A Trip to my Favorite Sushi Bar

My friend Erik calls me a sushi snob. Maybe I am. Maybe not. I know what I like though.

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This is where I go. I am loathe to tell its location as it might ruin my little hole in the wall sushi bar.
When you sit, (always sit at the sushi bar. The chef won’t care about you otherwise. Or most won’t. My chef is nice) the waiter (you should have both a waiter and a chef. The chef can take orders but its the waiter who should be handling the paperwork and drinks etc) brings the order form and a complimentary appetizer

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It is house made kimchee and sweet pickles. It is awesome together. The hot and sweet, the fresh and pungent; the essence of wabi sabi.

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This is my order. 2 pieces of maguro nigiri. A tekkamaki roll and an uramaki roll. In english that’s 2 pieces of tuna sushi, a tuna roll and a roll the chef calls a “dynamite roll”; it has tuna and yellowfin tuna in a wasabi mayo, cucumber and is rolled “inside out”.
First I get some miso soup.
Traditionally, this should come last. But most places bring it first. So I’ve gotten used to eating it then.

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Most miso is instant and they add water to it. Even in Japan. The brand they use here is decent. I’ve had better and worse.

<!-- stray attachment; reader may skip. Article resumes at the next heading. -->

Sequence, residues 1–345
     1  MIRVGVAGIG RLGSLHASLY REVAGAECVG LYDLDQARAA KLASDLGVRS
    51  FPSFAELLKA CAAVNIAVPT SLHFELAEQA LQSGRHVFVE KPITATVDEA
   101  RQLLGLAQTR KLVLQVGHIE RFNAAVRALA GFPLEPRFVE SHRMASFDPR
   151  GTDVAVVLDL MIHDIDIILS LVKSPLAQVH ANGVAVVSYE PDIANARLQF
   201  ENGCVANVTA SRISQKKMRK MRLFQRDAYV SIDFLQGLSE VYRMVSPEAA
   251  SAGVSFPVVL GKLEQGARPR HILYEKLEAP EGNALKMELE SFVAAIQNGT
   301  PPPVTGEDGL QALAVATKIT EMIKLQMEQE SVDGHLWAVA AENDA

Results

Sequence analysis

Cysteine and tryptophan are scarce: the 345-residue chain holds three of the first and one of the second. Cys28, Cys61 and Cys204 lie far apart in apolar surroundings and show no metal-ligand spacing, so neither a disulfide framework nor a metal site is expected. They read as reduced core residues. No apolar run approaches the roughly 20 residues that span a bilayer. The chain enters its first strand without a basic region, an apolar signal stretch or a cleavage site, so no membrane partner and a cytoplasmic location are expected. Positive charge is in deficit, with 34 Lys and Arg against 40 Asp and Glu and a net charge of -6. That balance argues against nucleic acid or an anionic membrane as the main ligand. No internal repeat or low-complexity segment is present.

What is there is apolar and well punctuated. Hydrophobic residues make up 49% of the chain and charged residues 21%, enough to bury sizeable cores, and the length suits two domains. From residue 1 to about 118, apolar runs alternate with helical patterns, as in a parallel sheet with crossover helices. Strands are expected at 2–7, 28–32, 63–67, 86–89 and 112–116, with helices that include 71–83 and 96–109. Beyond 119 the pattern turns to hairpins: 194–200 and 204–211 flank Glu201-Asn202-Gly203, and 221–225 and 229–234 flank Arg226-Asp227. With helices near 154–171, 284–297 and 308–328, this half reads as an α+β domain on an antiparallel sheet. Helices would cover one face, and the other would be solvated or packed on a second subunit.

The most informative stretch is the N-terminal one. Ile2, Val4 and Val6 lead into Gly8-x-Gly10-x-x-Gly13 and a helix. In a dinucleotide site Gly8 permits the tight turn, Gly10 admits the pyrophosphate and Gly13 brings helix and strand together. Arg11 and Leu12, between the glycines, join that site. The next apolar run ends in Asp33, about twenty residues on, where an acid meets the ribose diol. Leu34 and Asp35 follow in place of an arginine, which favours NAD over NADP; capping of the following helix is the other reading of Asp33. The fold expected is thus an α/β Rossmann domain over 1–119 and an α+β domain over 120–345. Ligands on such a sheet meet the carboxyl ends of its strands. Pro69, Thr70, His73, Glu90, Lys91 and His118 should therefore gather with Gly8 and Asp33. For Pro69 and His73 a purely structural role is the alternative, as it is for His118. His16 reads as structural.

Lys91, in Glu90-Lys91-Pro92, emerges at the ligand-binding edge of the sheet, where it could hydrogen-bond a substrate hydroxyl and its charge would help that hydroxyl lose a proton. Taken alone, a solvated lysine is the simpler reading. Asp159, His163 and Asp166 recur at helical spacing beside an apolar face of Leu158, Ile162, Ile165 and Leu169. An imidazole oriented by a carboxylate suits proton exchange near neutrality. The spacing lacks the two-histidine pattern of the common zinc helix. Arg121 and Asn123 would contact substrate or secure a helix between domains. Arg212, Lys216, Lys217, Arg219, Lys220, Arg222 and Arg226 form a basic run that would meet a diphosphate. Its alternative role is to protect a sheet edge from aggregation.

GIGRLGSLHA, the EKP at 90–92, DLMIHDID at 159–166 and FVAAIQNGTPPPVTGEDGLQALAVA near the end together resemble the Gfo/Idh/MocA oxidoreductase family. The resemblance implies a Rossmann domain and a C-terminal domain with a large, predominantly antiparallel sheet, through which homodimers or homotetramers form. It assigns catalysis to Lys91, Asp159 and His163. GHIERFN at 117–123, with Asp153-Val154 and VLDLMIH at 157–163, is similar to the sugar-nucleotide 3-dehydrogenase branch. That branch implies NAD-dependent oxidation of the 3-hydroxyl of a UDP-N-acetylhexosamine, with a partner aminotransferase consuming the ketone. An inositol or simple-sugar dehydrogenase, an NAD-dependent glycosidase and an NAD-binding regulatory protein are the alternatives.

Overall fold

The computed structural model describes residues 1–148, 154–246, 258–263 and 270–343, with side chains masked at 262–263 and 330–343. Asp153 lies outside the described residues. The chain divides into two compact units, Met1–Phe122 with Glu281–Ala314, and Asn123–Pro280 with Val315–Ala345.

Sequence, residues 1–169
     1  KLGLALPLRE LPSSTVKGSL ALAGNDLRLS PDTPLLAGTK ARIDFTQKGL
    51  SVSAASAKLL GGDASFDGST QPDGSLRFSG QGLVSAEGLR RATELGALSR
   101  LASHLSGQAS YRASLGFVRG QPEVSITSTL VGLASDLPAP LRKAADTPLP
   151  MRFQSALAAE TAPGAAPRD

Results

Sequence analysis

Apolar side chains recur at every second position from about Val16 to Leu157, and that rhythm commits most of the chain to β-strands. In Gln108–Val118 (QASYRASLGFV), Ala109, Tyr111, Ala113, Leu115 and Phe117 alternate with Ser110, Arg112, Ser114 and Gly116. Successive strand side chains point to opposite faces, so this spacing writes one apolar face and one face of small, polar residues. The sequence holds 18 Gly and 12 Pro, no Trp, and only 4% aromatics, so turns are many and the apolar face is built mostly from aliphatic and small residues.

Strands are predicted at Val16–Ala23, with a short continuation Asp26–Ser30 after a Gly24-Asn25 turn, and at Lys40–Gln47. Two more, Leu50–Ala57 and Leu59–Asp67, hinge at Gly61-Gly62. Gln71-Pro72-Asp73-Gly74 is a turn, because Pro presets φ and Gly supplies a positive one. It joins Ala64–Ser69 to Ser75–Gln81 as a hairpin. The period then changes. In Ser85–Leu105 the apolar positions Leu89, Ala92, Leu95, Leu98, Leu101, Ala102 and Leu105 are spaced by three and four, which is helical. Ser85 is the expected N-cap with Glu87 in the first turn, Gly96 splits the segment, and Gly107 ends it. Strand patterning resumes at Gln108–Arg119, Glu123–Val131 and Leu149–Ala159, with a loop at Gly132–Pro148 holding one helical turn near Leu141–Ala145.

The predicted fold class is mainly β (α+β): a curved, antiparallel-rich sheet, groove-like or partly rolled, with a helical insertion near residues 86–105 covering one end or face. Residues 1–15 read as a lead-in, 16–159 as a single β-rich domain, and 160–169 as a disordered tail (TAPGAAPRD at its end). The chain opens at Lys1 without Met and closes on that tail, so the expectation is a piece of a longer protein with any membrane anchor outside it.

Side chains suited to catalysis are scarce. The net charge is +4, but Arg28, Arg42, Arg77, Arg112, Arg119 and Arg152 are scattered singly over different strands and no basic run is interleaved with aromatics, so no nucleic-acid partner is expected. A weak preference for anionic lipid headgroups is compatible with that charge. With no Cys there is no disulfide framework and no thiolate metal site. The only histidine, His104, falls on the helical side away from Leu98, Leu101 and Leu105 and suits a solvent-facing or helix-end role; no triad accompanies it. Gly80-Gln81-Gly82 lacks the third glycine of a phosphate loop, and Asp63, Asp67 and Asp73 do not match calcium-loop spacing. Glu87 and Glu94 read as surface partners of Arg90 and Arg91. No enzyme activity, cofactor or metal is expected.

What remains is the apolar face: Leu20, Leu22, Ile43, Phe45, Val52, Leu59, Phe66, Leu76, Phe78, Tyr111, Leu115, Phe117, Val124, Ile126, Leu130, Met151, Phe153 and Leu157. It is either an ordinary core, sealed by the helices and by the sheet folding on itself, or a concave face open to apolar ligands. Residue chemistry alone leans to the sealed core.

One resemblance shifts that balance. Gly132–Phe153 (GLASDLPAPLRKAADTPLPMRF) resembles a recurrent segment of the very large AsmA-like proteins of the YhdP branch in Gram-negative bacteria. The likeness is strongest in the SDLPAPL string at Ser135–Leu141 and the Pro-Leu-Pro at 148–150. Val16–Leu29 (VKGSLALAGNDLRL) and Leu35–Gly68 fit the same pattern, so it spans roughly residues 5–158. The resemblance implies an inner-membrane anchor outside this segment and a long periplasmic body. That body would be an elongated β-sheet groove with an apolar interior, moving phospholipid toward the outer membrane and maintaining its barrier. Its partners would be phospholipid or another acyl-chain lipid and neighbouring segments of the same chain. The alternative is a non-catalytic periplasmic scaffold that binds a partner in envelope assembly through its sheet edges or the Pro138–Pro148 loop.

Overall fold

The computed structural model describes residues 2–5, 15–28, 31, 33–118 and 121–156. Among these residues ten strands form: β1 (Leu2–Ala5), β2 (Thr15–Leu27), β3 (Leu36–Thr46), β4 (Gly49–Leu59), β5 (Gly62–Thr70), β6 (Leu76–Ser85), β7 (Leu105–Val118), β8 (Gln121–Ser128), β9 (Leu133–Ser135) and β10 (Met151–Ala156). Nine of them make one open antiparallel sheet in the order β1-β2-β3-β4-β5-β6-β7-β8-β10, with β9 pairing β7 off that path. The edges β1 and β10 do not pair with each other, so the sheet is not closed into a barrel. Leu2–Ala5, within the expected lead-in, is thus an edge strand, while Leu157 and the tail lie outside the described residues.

First, a lesson on etiquette

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Even though you’ve seen people do it, don’t rub your chopsticks together like you’re trying to start a fire (the fish may be raw but it’s supposed to be that way). It is insulting to the chef. If you have splinters on them, get another pair (I don’t frequent Asian restaurants that offer cheap chopsticks). Don’t look like an ignorant gaijin.

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I order à la carte.
My recommendation is to eat the maki rolls first. The reason: the “seaweed” (an algae that is grown and harvested in an advanced method. It’s the same stuff the English call “laver”) is dried and toasted. Crispy, even.

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If you let it sit, it gets soggy (one reason to not buy supermarket maki rolls).
When you eat it, it should have a snap to it. Kinda like Nathan’s hot dogs.
My chef (his name is Ping) makes his tekkamaki in the traditional or Tokyo style.